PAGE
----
12. Dressed to Kill by Brian De Palma

In which the Philadelphia Museum of Art stands in for the Metropolitan Museum of New York. We love Brian De Palma, he’s the lewd Hitchcock. In this retread of Psycho, sexually frustrated mom Angie Dickinson (When we were kids she starred in a cop show called Policewoman and supposedly her legs were insured for a million bucks. Should’ve been more. We wonder how much Kim Kardashian’s ass is insured for.) goes to the museum and tries to pick up this guy, who gives her the runaround.

Dressed To Kill also has a great elevator scene, right up there with the fight scene in Captain America: Winter Soldier.

Fondation Louis Vuitton: The building is remarkable, the art not so.

November 26, 2014 By: jessicazafra Category: Art, Places, Traveling No Comments →

museum front

Finally the van approached the Fondation Louis Vuitton and we could see the building with our own eyes. It is amazing. It is as if a zeppelin crash-landed on Waterworld, and the scavengers made a giant sailboat with the parts. How does it stand up? More importantly, how can the art inside compete with the exterior?

how it's held together

We were disgorged by the van into a long queue for tickets, even if it was just two and a half hours before closing time. Tickets in hand, we joined the next queue at the main entrance. Above the main door is a big, glittering LV logo that made me feel like I was entering an enormous handbag. A guard inspected our bags while a lady with a clipboard asked each visitor where she was from. There was some discussion over whether some Americans with a baby in a stroller should be admitted. The experience was not unlike being judged by the doorman before gaining entry into a trendy nightclub. lobby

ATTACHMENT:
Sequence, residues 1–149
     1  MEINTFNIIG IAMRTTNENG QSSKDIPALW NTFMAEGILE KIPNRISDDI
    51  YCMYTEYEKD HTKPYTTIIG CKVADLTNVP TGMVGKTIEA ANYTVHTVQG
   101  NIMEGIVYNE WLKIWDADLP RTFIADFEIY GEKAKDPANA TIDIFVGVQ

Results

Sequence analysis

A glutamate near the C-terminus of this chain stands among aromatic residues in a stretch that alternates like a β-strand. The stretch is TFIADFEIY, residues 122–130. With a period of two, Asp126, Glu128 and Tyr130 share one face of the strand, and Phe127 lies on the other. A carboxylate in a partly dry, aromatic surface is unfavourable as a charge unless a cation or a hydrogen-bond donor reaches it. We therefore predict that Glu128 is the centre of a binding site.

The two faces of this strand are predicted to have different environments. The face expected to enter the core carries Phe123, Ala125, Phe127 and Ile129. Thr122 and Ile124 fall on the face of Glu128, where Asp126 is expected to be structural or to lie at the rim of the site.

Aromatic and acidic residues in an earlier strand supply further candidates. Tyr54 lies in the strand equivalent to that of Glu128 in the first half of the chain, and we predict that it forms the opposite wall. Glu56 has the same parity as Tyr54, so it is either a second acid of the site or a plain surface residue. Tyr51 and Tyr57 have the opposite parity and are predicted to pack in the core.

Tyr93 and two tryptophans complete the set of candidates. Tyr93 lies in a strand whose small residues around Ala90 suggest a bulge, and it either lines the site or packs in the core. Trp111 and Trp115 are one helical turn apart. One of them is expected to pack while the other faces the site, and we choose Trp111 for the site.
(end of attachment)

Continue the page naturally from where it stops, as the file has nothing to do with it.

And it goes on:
cafe

Read our article at BusinessWorld.

The mystery of Vivian Maier, the nanny who was a secret photographer

November 24, 2014 By: jessicazafra Category: Art 1 Comment →

The story of Vivian Maier, whose genius as a photographer was discovered accidentally after her death, is a cross between a Patricia Highsmith novel and an episode of Storage Wars. Her work would never have come to light if someone hadn’t bought the contents of her locker. She is supposed to have taken come to the Philippines and Southeast Asia in the 50s—we want to see the pictures from that trip.

Paris, City of Queues

November 12, 2014 By: jessicazafra Category: Art, Places, Traveling 5 Comments →

museum
You don’t need the Paris museum pass. Go to Mariage Freres at the Place de la Madeleine, buy three tins of tea instead.

Serves us right for trying to be practical while on vacation (from which we will need a vacation). We bought a Paris Museum Pass, which promises that we can make unlimited visits to the museums and that we don’t have to fall in line—we can go straight in by just flashing the pass.

louvre queue
Lines at the Louvre. Go on the first Sunday of the month, when admission is free. In the dead of winter, when there are fewer visitors. Then you can imagine that the zombie apocalypse has happened and you are trapped in the Louvre. There are worse fates.

We bought a 2-day pass for 42 euros, with the intention of cramming the 7 exhibitions we wanted to see after we got back from the Austrian sticks. True, experience tells us that we can go to just one or two museums before we get art overload and our brain shuts down, but we figured that by averting our eyes and ignoring everything but the shows we wanted to see, we could fool ourself into staying alert.

fondation queue
The Frank Gehry-designed Fondation Louis Vuitton in the middle of nowhere, the Bois de Boulogne. Note to Ricky and Raul: We went. The building is the event, as Noel would put it. The collection: Non-event of the year, possibly the decade.